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All Around the World from London to MA: Repurposing the Oldest Books in the Chapin Library

Tue, April 23rd, 2024
4:00 pm
- 5:30 pm

In the Chapin Library is a small, unassuming album bound in brown morocco leather. Inside are fragments of papyri inscribed with the ancient Egyptian Book of the Dead constituting by far the oldest books in the college’s collections, as some fragments date back to the New Kingdom of ancient Egypt, ca. 1450 bce. The album is the result of papyrus reuse in the nineteenth and twentieth centuries when less valuable pieces and flakes were assembled for the taste of collectors as a “book.” However, these papyri show evidence of ancient repurposing when the names of previous owners were erased and replaced by the name of a new owner.

This talk will focus on fragments of papyrus from the Chapin Library album that once belonged to a man name Padihor. Additional fragments of his papyrus now reside in the Morgan Library in New York and the Louvre in Paris. The Chapin Library fragments reveal an aspect that has yet to be reported; this sacred and expensive papyrus had previously belonged to a man named Amenemhat, whose name Padihor replaced with his own.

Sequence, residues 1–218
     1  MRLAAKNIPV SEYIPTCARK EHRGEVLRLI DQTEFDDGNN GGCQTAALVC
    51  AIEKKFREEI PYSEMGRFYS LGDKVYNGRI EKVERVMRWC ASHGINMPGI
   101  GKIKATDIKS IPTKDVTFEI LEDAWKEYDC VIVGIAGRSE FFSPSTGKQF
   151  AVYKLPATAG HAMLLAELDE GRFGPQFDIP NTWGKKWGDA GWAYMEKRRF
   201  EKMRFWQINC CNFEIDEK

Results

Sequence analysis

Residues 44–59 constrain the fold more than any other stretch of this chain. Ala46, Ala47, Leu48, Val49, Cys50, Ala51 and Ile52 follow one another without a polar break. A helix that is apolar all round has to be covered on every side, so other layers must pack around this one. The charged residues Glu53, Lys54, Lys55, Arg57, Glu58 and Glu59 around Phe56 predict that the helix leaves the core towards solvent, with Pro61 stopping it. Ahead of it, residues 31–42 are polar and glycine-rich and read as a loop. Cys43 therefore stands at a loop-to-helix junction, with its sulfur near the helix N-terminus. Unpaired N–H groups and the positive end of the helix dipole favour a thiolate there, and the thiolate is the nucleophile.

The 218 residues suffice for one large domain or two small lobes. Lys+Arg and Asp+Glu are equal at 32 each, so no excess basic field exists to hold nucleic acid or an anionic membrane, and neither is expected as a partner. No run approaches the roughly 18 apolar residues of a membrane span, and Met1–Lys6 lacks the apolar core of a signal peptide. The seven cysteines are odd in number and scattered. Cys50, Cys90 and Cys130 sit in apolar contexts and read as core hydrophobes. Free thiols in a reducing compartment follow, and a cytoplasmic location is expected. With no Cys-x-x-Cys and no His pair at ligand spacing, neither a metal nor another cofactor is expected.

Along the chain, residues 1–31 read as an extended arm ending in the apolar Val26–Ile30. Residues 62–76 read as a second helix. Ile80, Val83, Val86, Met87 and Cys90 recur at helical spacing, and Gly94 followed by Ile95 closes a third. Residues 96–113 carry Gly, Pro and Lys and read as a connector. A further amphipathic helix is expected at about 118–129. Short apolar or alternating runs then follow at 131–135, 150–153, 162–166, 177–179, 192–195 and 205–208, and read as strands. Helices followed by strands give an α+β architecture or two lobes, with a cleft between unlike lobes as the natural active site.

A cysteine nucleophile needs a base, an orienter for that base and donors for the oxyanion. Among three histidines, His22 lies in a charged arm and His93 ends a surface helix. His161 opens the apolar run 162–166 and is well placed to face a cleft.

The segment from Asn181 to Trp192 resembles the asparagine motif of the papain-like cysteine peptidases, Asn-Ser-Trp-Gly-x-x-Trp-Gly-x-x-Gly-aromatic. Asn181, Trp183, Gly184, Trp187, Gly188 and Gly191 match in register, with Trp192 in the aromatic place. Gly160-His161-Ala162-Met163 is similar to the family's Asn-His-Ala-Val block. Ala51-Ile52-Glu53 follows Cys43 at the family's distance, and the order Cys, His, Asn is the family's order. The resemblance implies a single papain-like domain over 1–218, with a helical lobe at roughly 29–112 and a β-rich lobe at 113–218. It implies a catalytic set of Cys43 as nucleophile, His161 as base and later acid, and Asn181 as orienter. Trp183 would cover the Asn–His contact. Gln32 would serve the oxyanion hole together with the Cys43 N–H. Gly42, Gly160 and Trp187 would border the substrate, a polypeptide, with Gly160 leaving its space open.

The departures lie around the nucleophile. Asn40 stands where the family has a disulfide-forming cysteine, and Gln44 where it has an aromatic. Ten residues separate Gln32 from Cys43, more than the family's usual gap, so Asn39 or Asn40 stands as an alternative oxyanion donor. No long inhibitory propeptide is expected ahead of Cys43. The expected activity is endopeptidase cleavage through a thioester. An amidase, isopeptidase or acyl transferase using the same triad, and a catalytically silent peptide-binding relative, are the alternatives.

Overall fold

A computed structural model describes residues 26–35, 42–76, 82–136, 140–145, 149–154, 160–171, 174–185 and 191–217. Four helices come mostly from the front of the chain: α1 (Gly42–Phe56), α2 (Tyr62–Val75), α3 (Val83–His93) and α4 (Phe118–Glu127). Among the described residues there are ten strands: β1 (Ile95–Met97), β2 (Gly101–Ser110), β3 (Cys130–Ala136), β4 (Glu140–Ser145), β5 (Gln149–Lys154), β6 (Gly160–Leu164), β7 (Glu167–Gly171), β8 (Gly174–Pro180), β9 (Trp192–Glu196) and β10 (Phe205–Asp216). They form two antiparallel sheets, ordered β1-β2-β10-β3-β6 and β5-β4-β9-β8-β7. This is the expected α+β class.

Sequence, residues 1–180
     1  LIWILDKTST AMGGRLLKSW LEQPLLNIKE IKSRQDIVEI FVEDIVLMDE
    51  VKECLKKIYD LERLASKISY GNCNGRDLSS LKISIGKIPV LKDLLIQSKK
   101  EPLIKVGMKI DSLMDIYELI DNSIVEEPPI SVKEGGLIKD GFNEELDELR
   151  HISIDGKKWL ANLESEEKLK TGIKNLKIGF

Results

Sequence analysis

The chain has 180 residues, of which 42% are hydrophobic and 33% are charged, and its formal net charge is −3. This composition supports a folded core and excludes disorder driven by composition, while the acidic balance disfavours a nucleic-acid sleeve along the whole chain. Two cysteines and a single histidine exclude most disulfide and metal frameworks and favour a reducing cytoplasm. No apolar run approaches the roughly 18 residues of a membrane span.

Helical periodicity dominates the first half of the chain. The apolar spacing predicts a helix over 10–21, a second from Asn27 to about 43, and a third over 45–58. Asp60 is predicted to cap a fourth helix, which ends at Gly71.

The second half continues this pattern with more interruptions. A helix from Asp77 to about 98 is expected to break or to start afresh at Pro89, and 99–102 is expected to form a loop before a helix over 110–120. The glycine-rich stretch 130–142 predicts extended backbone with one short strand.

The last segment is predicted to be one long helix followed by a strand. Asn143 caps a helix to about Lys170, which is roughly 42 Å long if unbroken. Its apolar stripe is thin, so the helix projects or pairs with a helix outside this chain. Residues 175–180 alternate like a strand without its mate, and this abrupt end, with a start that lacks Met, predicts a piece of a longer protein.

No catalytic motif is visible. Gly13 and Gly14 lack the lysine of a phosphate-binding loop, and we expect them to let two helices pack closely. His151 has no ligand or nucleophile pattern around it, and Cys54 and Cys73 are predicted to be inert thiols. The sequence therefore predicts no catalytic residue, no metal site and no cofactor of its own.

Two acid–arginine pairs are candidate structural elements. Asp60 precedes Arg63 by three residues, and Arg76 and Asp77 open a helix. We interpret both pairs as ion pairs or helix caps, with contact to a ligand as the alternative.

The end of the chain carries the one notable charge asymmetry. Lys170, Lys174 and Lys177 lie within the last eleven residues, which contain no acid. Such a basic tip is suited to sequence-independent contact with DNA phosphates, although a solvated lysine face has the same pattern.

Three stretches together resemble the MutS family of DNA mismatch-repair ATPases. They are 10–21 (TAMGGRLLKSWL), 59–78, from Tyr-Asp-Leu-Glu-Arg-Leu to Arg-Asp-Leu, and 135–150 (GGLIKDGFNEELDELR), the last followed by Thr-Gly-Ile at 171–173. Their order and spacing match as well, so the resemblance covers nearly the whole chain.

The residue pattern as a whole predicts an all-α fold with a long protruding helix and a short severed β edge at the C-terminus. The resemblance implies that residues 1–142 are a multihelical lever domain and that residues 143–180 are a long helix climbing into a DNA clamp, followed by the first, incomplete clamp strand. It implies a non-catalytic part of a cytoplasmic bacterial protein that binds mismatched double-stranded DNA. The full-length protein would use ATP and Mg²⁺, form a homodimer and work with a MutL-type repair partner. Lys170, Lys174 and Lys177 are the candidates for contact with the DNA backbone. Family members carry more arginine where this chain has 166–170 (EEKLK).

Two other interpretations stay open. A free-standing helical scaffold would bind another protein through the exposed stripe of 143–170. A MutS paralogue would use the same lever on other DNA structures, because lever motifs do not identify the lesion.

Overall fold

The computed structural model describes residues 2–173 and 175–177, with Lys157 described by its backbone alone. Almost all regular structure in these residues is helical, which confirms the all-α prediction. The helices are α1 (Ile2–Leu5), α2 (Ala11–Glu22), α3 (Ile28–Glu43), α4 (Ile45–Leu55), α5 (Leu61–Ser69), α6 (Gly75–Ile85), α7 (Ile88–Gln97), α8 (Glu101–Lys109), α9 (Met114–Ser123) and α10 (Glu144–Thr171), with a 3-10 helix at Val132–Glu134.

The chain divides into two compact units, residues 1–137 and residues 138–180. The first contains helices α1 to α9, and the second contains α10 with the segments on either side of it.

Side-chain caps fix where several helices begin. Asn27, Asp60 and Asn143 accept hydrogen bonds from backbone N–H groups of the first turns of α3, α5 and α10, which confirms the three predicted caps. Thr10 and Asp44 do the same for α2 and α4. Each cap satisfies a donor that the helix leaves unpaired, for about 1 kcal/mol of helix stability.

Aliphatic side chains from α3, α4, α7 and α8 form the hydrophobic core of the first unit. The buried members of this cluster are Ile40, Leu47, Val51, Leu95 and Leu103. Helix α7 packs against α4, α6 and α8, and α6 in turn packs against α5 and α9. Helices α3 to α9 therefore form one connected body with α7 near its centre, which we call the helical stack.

Speaker: Foy Scalf, Head of Research Archives at the Institute for the Study of Ancient Cultures of the University of Chicago, studies the intersection of ancient peoples, texts, and beliefs. His recent books include the edited catalog Book of the Dead: Becoming God in Ancient Egypt and a co-authored edition of The Archive of Thotsutmis, Son of Panouphis. He is currently working on catalogs of Book of the Dead manuscripts for the Getty Museum, the Huntington Library, and Williams College.

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